Perhaps the most important mechanisms in any commercial building are alarm systems and exit door devices. While we of course want to keep intruders out of our businesses, we don’t want to find ourselves in situations where we need to quickly exit a building and the exit device has failed or being completely unaware that there’s a situation in the first place.
In situations such as a fire, gas leak or other dangerous scenarios, it’s vitally important that you have a reliable alarm system and an unfailing exiting mechanism on every door. We’ll go into both components in more detail in this post.
What qualifies as an exit device?
And exit device is meant to activate the door latch to release it allowing the door to open. The most typical exit device for commercial use is an exit bar. Even without an exit sign posted, most people will be able to recognize that this door leads outside, due to the presence of the exit bar.
Exit devices generally comply with fire and life safety codes and building codes. Requiring that equipment meet specific standards, purchasing a device which has been compliant with NFPA 80, NFPA 101 and IBC, BOCA, and SBC will ensure that you’re using a quality exiting device.
Types of Exit Devices
There are 4 primary types of exit devices: rim, mortise, surface mounted vertical rod and concealed vertical rod.
- Rim: Having only a single latch point, the mechanisms of a rim exit device are applied to the door’s surface and are simple to install.
- Mortise: Utilizing a single latch point, a mortise lock requires a mortise (a hole cut into the edge of the door) and it’s corresponding tenon to be operated by the exiting device.
- Surface mounted vertical rod: Containing 2 latching points, one each at the top and bottom of the door itself, has a few more pieces to install but is done on the surface of the door.
- Concealed vertical rod: Like the surface mounted vertical rod, the concealed version has 2 latching points but at the bolt and the rod. This is a bit trickier to install, but all components are concealed within the door.
No matter how good your exit devices are, if you’re unaware of potential dangers you could find yourself in big trouble. There are varying alarm systems that will trip depending on what they’re sniffing for.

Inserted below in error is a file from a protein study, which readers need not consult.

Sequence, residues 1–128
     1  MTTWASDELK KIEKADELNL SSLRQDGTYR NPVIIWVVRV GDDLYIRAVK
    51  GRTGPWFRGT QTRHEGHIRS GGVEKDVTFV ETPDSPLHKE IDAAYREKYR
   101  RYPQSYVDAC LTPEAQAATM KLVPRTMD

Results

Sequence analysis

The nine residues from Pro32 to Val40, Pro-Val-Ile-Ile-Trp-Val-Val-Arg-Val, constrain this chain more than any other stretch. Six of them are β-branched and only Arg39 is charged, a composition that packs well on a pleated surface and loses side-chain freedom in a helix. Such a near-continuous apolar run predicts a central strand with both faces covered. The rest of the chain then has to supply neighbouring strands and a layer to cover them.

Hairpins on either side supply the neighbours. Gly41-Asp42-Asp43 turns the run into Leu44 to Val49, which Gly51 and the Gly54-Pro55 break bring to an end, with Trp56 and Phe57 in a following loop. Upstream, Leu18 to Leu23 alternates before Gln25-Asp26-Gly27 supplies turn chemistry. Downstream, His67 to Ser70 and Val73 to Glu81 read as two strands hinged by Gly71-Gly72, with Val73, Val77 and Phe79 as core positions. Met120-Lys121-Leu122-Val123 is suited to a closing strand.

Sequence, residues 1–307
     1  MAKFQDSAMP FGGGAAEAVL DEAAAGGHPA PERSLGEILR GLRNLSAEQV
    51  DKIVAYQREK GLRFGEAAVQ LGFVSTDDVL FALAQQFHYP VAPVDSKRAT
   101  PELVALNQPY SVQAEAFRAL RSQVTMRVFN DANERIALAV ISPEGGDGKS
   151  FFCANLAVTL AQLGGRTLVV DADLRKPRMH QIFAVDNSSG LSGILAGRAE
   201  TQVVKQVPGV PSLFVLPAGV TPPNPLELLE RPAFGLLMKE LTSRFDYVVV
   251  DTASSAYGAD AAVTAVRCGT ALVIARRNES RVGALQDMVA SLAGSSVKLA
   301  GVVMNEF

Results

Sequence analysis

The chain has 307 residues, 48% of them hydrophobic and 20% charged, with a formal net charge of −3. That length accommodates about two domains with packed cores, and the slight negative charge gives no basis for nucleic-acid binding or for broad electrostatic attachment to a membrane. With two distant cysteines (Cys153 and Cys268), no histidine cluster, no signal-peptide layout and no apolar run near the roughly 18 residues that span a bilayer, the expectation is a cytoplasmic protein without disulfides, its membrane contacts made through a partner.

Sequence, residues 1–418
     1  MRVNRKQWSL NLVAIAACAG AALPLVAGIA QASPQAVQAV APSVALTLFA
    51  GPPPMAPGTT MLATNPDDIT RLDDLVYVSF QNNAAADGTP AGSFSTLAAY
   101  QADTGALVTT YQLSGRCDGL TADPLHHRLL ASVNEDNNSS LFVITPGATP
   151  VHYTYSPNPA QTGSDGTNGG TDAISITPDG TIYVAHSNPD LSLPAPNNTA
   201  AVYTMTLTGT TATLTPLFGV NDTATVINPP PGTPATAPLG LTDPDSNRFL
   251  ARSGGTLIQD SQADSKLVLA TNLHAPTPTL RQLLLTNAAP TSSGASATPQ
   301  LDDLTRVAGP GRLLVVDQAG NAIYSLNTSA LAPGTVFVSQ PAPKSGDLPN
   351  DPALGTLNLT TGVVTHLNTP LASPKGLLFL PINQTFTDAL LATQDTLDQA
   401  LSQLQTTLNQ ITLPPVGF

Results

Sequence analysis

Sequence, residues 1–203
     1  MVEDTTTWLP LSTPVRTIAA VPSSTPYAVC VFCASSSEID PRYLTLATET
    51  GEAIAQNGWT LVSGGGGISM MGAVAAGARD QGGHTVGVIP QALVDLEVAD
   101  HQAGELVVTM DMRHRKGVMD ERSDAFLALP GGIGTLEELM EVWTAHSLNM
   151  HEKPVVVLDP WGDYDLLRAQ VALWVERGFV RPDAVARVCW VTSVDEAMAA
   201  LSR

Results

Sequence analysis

Types of Exit Alarms
- Combustible gas: Many harmful, and very likely deadly, gasses are undetectable by the human nose. Gasses such as carbon monoxide can quickly incapacitate a person and eventually kill them. Combustible gas detectors can warm you if there are harmful levels of carbon monoxide, propane, methane, butane and other harmful natural gasses inside your building. Several states require that buildings have at least a carbon monoxide detector, but if you’re going to install one it’s best to go with an alarm that detects a wide range of chemical gases.
- Fire and smoke: Every building, residential or commercial, bust be outfitted with a fire and smoke detector. Many times, people are not aware of fired in their buildings until they see or smell it themselves and quite often it can be too late to escape. Placing fire and smoke detectors in every hallway and room of your building will help ensure that if there is a fire, you’ll have enough time to safely exit.
Not all safety hazards will come from the inside. If you operate a high security facility or if you’re in the business of selling valuable items, installing entry alarm systems is a must. Outfit each building access point with a keyless electronic entry system that will sound if breached. Even if you do not have high value items in your building, it is suggested that such an alarm be installed on back doors and non-main entries.
Once you’ve gotten everything installed from quality exit devices to your various alarm systems, stay on top of maintaining them. Check batteries regularly in wall devices and make a habit of checking door mechanisms routinely.
Looking for help installing an exit or entry system on your commercial business? Kenny’s Lock can handle all of your commercial locksmith needs!